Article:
Saying ‘yes’ to troubled borrowers cost lender dear

Rapid growth and governance issues led to the decline of Yes Bank

March 06, 2020 10:15 pm | Updated 10:19 pm IST - Mumbai

Yes Bank, one of the few greenfield banks that were allowed to start banking operations by Reserve Bank of India in the post liberalisation era, became the bank to go to for all those corporate borrowers whom other lenders did not oblige.

Started in 2004, the bank focussed more on liabilities in the first few years; it was only after 2014 that the bank started to grow its assets at a rapid pace.

As on March 31, 2014, the bank’s loan book was ₹55,633 crore and deposits were ₹74,192 crore. The loan book grew to ₹2,24,505 crore at the end of the second quarter (September) of the current financial year, while deposits were at ₹2,09,497 crore. The bank is yet to announce results for the third quarter of this fiscal.

So, in the last five years, the loan book grew by over four times, but deposits failed to keep pace with loan growth. Asset quality also worsened during the period, with gross non-performing assets going up from 0.31% of gross advances as on March 2014, to 7.39% at end September 2019.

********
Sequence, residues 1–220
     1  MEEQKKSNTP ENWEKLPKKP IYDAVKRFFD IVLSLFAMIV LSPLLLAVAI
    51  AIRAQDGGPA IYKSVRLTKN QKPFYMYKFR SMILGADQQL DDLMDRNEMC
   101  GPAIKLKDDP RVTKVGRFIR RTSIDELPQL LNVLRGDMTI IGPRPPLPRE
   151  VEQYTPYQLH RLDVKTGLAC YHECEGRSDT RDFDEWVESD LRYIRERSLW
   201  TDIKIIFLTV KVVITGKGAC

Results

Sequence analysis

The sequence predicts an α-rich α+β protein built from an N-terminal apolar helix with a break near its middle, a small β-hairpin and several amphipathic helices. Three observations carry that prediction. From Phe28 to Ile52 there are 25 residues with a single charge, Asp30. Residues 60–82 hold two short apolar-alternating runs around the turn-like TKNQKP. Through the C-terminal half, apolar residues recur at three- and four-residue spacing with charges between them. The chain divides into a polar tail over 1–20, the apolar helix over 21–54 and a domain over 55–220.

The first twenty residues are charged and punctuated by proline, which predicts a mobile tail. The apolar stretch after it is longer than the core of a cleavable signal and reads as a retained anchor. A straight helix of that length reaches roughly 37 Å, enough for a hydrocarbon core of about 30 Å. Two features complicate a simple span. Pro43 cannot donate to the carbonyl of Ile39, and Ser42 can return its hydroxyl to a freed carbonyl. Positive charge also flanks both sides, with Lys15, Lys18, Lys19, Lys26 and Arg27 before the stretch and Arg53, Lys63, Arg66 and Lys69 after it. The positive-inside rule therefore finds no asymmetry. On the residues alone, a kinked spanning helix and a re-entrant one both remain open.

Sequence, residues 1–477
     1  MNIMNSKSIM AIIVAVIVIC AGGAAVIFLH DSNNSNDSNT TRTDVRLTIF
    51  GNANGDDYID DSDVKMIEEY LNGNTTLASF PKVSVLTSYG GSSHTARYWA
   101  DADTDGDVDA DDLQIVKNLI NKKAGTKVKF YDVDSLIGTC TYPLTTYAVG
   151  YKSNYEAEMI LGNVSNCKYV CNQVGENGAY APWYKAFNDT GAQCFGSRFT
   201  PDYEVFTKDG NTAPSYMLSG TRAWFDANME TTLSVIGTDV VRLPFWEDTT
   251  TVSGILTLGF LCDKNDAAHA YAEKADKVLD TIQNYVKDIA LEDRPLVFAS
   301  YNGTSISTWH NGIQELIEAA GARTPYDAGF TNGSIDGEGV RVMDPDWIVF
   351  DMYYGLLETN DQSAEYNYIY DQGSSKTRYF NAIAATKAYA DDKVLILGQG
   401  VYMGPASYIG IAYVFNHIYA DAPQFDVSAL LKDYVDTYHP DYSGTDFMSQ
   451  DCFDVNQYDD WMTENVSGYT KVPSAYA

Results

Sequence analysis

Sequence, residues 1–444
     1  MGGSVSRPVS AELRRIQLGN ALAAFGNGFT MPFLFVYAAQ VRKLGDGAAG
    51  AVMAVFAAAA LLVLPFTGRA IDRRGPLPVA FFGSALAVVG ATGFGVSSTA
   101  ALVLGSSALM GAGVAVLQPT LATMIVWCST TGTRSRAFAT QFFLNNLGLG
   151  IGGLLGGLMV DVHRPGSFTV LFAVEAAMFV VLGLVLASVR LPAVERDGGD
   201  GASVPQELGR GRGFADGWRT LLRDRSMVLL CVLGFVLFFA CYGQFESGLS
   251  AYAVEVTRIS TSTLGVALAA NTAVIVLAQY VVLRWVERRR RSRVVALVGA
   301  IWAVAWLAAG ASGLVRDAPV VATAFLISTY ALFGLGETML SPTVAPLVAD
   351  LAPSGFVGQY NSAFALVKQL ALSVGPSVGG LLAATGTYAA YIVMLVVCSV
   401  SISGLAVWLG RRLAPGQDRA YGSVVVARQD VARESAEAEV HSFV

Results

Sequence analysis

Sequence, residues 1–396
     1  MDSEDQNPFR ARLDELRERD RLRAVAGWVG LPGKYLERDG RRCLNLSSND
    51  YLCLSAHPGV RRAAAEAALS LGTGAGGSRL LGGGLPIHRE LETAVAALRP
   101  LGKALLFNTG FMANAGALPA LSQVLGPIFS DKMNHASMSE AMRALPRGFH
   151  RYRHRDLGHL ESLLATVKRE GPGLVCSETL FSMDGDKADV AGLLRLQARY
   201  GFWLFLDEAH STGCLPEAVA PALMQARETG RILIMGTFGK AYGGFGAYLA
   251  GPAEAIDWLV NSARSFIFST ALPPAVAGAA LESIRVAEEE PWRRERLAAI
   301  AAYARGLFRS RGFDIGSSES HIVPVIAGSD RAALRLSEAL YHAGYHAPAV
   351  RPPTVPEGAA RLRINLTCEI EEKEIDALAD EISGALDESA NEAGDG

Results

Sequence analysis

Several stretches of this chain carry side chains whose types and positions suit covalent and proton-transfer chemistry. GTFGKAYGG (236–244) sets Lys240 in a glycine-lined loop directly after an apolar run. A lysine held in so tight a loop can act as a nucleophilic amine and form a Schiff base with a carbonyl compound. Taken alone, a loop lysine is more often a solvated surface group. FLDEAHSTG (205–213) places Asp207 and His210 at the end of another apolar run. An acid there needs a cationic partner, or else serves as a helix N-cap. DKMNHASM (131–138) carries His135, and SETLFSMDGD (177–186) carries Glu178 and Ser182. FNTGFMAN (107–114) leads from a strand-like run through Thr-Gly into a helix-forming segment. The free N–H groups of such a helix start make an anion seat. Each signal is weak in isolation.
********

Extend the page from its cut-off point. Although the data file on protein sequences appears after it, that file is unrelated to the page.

Stressed asset quality remained a cause for concern for the bank, ICICI Securities said in a note, adding that the gross NPA and net NPA ratios can go above 10-11% soon, as the risk in BBB/BB and below books is estimated to be in the region of ₹30,000 crore to ₹40,000 crore. “If slippages are recognised, capital is needed so that hefty provisions can be made,” the note said.

Finance Minister Nirmala Sitharaman, while interacting with the media, pointed out that Yes Bank had large exposure to all troubled borrowers like the Anil Ambani Group, Dewan Housing Finance Corp. Ltd. and IL&FS.

The fact that the pressure points were building had also been noticed by the Reserve Bank of India since 2017, which eventually led to the regulator denying extension to the then MD & CEO Rana Kapoor, despite the board’s endorsement.

The tipping point probably came earlier this year when one of the independent directors and chairman of the bank’s audit committee Uttam Prakash Agarwal resigned from the board in January citing governance issues.

Yes Bank was already facing challenges in raising capital, which it was required to set aside for ballooning bad loans. The bank’s failure to raise capital led to ratings downgrades, which made capital-raising even more difficult.

Admitting that the bank experienced serious governance issues, RBI said it was in constant engagement with the bank to find ways to strengthen its balance sheet and liquidity. However, a credible revival plan never materialised. And in the meantime, the bank was facing regular outflow of liquidity, the RBI observed while superseding the bank’s board on Thursday.

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